Foreign policy played a bigger role in last night's Democratic presidential debate than in previous ones, in part because of events that came on the heels of President Trump's surprise, and disastrous, withdrawal of US troops from northern Syria. Some candidates used the opportunity to play up their foreign policy bona fides, but not all of their punches landed cleanly. Here are some key takeaways.

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Will there be agreement, and will negotiations carry on if there is no agreement in the EU?

Lord William Hague: Well, they won't carry on if there is no agreement at the European Council in the next few days. But in the EU, while you always think of things going to the last minute, in fact they usually go beyond the last minute. And that could happen in this case where there could be political agreement, agreement in principle to a Brexit deal. But they'd have to have another European Council, and more detail hammering out the actual text of it before another summit on the 28th of October, which would mean some extension to Brexit.

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Since Syria's brutal civil war began eight years ago, millions of Syrians have fled their country to escape the bombs and bullets. But hundreds of thousands have been displaced within Syria's borders, where they languish in packed refugee camps. The al-Hol camp in northern Syria is sprawling, and of its nearly 70,000 residents, some 11,000 are family members of foreign ISIS fighters, according to the UN Office of the High Commissioner for Human Rights. The surprise American withdrawal from northern Syria last week paved the way for Turkey and Syria's Bashar al-Assad to move in. Some 160,000 civilians have now fled the border region that Turkey is bombarding, deepening a humanitarian crisis in a stretch of Syria that had been relatively secure since the defeat of ISIS's self-declared caliphate back in March. Here's a look at the camps for displaced people in the area.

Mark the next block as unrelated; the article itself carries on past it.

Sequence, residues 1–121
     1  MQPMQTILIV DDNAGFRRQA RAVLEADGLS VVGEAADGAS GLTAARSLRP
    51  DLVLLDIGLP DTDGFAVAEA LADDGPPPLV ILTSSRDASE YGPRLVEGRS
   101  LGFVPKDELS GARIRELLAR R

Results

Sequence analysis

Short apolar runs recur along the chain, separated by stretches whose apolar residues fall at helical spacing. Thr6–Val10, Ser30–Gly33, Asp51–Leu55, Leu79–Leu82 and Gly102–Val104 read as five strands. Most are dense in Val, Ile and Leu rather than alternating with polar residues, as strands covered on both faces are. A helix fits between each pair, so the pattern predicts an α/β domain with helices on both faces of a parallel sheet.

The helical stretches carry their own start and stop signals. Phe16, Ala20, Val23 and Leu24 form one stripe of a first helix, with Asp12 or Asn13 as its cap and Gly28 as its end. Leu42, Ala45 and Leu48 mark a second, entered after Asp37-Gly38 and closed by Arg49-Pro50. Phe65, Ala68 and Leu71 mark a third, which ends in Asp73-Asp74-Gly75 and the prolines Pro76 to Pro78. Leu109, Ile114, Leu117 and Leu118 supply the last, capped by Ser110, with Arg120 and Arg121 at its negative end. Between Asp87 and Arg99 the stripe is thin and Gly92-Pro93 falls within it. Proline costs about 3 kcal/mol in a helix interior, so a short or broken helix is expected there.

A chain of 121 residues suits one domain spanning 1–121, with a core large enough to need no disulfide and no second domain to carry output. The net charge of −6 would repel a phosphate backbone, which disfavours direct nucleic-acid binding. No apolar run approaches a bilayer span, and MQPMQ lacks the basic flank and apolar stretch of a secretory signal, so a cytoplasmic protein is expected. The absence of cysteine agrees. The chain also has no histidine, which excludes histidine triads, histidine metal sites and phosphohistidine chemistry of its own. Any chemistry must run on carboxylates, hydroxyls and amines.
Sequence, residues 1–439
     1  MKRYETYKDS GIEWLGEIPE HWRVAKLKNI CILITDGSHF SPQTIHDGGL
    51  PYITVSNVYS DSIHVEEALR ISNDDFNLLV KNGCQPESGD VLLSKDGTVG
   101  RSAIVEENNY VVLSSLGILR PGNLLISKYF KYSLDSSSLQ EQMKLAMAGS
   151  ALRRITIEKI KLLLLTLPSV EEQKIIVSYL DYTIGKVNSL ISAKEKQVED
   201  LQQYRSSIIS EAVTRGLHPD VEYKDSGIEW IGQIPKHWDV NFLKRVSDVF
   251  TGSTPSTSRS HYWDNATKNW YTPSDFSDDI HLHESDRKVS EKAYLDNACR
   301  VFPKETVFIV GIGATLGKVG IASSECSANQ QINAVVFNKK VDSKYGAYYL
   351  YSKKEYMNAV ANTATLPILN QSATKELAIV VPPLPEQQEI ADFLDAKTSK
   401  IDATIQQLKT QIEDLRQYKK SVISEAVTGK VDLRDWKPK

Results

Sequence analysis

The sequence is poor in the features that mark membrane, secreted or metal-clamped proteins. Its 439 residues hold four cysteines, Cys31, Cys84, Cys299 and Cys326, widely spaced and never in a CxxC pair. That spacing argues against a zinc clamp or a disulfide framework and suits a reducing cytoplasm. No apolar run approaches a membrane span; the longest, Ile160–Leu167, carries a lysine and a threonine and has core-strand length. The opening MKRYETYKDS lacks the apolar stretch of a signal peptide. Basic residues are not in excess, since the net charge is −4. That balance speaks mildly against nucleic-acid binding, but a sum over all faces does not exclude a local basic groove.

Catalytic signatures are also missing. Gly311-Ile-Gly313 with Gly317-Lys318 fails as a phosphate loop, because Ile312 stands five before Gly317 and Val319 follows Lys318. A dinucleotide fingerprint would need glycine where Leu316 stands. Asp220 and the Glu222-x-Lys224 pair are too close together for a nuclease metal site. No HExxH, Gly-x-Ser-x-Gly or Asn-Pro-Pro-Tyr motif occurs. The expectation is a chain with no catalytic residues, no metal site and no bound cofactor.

Mozambique's democracy test Mozambicans voted yesterday in an election that will test a fragile peace accord between the ruling Frelimo party, led by president Filipe Nyusi, and Renamo, a former rebel group-turned-opposition party. The two factions were on opposite sides of a Cold War-tinged civil war that killed an estimated 1 million people between 1977 and 1992. Frelimo, which has ruled Mozambique since independence, has been losing popularity due to a corruption scandal, but is likely to hold onto power at the national level. Renamo, which foreswore violence just two months ago in exchange for electoral reforms that will help the party, will be hoping to make regional gains that allow it to win some key governorships. Disputes over the final vote count and even outright fraud or violence are possible in coming days, particularly if Renamo fails to make its hoped-for gains.